He thinks of himself and his team at the Department of Technology as the city’s “offensive linemen.”
“They’re never the heroes,” he said. “They’re protecting the quarterback.” In that way, the city’s tech staff is laying the groundwork for the other departments to throw a pass.
It’s a way of thinking about tech that’s incongruous to today: Tech is flashy! Sexy! Disruptive!
It’s also a shift from the Nutter administration’s innovation strategy. Think of the attention-grabbing moves like winning a $1 million grant to launch a startup accelerator, sending city employees to “innovation school” and opening a “think tank” to test out new ideas. It was the opportunity to run that innovation program that lured Adel Ebeid, Brennan’s predecessor, to Philadelphia and away from the traditional CTO job he had with the State of New Jersey. While Ebeid was never showy like his own predecessor, Allan Frank, he was often front and center, making headlines in civic tech publications for his initiatives.
You could sum up the difference between Brennan and Ebeid with their titles: Ebeid was Chief Innovation Officer. Brennan is Chief Information Officer. They seem to mirror their bosses in that way, too. Nutter was all about reaching for the stars and promoting Philadelphia on a global stage. Kenney seems intensely focused on the city’s neighborhoods, well beyond Center City, but some have asked if he’s not setting his sights high enough.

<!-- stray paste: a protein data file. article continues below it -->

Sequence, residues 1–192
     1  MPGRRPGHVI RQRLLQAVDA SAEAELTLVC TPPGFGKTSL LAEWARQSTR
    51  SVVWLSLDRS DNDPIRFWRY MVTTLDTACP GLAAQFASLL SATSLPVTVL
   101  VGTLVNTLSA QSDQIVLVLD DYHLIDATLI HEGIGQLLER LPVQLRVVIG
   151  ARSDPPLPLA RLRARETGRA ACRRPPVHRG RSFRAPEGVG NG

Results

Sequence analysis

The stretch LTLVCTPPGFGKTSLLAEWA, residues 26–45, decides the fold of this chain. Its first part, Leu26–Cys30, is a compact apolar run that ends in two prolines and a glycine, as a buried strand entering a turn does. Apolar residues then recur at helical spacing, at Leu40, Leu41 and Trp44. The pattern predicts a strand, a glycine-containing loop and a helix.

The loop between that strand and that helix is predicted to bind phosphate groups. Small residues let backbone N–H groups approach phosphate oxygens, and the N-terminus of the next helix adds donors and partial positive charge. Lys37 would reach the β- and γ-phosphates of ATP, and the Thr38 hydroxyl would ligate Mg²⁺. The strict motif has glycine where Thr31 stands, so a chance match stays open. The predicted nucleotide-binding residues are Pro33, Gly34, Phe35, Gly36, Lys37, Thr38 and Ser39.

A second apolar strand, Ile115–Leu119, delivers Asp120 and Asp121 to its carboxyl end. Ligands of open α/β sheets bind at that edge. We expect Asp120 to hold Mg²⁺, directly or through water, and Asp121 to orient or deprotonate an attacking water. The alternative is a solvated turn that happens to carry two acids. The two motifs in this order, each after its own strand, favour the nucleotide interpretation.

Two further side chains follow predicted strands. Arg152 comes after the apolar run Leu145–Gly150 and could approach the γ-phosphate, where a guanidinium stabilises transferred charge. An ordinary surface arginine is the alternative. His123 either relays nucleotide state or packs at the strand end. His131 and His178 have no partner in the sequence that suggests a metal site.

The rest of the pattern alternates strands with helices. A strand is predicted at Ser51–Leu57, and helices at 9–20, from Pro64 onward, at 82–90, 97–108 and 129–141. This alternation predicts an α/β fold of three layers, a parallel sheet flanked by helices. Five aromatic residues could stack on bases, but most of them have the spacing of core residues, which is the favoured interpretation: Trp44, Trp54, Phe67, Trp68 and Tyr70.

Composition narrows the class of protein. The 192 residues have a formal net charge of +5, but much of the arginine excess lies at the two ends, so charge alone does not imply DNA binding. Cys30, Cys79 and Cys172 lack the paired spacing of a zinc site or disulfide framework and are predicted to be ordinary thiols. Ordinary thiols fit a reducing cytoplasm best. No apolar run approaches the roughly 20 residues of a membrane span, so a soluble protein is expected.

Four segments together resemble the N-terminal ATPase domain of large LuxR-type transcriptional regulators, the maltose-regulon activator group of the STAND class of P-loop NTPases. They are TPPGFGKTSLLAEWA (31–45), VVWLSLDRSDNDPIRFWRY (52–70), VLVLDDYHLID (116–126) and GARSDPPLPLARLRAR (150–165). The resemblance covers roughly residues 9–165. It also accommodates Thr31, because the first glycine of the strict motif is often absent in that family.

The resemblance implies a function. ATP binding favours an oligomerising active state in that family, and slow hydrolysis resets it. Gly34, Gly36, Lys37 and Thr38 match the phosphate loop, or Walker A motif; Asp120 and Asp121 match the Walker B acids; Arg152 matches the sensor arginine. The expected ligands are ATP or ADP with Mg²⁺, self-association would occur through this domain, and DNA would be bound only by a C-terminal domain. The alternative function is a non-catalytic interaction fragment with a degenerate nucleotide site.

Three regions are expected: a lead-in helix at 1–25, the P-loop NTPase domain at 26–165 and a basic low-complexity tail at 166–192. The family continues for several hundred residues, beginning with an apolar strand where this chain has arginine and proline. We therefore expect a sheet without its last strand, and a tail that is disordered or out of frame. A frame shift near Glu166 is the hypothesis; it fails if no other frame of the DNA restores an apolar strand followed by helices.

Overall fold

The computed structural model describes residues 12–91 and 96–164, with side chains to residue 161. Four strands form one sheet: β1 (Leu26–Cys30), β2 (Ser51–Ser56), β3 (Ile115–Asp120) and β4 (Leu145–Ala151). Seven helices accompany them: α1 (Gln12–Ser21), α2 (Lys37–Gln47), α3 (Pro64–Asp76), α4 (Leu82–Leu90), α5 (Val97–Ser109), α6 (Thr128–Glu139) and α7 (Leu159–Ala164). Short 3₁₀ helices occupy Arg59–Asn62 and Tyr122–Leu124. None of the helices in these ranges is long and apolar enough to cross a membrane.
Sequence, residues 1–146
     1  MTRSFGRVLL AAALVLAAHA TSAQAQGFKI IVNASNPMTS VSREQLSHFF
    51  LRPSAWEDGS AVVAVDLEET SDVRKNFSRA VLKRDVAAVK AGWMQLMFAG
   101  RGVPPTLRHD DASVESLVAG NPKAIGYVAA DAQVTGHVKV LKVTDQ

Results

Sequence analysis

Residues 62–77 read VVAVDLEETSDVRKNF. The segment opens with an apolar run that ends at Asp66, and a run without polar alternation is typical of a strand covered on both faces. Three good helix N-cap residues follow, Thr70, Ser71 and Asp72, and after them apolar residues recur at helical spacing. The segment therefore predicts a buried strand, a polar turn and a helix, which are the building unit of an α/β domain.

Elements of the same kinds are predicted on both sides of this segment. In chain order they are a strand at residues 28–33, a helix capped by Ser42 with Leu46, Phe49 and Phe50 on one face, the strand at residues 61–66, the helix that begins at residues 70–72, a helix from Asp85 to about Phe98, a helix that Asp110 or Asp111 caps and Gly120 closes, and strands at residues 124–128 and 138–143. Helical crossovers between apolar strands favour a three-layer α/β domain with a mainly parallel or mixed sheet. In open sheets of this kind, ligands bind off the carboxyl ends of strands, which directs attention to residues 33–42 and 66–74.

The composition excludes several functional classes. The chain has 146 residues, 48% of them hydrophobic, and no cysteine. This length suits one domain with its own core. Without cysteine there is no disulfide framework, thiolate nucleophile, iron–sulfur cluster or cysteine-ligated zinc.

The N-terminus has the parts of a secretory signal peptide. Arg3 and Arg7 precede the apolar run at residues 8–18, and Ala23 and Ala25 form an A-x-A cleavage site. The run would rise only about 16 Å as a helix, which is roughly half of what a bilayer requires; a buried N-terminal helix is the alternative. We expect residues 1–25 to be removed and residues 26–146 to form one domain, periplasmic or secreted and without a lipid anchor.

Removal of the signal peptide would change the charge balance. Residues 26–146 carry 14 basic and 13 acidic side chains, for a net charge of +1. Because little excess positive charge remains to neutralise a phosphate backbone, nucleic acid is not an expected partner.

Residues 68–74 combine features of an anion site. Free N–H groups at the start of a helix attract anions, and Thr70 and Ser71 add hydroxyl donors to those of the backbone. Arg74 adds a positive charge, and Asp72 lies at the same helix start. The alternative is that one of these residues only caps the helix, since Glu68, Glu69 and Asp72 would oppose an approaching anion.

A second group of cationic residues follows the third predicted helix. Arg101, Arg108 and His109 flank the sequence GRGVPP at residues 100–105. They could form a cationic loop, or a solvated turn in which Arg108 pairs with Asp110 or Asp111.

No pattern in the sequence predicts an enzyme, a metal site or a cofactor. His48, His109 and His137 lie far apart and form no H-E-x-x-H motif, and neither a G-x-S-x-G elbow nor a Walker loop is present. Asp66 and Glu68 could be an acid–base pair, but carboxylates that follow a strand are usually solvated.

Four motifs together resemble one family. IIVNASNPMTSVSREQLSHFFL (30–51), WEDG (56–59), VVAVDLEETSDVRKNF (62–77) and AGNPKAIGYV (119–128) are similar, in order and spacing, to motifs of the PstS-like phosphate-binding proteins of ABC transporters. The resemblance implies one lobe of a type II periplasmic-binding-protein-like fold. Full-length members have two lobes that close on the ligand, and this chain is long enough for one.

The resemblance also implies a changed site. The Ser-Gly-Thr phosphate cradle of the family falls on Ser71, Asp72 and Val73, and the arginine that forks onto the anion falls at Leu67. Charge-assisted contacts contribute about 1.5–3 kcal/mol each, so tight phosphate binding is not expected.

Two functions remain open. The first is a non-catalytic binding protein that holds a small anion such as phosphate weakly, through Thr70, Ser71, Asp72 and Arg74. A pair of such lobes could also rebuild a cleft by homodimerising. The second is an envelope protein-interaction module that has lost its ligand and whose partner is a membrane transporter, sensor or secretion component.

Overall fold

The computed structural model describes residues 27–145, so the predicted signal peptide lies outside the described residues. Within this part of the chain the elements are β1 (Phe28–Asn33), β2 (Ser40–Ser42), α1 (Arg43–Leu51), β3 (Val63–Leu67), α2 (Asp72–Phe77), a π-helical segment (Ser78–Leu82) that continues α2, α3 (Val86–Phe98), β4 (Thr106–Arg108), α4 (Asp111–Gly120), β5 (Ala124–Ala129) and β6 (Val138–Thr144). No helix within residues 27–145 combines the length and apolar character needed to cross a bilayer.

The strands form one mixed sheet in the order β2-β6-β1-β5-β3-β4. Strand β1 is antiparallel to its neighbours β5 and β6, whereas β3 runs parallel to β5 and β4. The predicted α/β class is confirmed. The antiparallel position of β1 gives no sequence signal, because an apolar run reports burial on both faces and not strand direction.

Brennan is more of the traditional CIO hire, but he seems far from out of touch. Remember, he was on the cutting edge at the Police Department — he believed in tech before anyone else there did.
“I always said to Robert [Cheetham], show me where the crime is gonna be,” he said, meaning that, back in the ’90s, he was already hip to the predictive policing models that are hot right now. (Azavea’s predictive policing HunchLab software has its roots in Cheetham’s days working under Brennan.)
He’s also in favor of open data, saying that citizens should be able to see where the crime is and how much city employees get paid (makes us wonder if that dataset will get released soon…).
“I always like to be maybe sometimes too far out on the edge,” he said, which he followed up with: “You don’t want to be on the bleeding edge, so you don’t get your head cut off.”
We’ll offer the above as way of interpreting the new CIO, with a caveat: it’s a reductive way to frame it. What we mean is, this isn’t black and white and it’s not productive to pigeonhole Brennan before he even really gets started, but these are the differences we’ve noticed. Some may say Brennan’s style lacks ambition or the notion of Philadelphia as a potential civic tech leader. Others might say that it’s refreshing — a CIO who wants to put his head down, keep the systems running and let the rest of city government shine. And, then, of course, the other thing to remember is that the CIO is just one part of the team. Tim Wisniewski is still Chief Data Officer and much of Ebeid’s team is still in place. We’ll be watching to see how it all plays out.-30-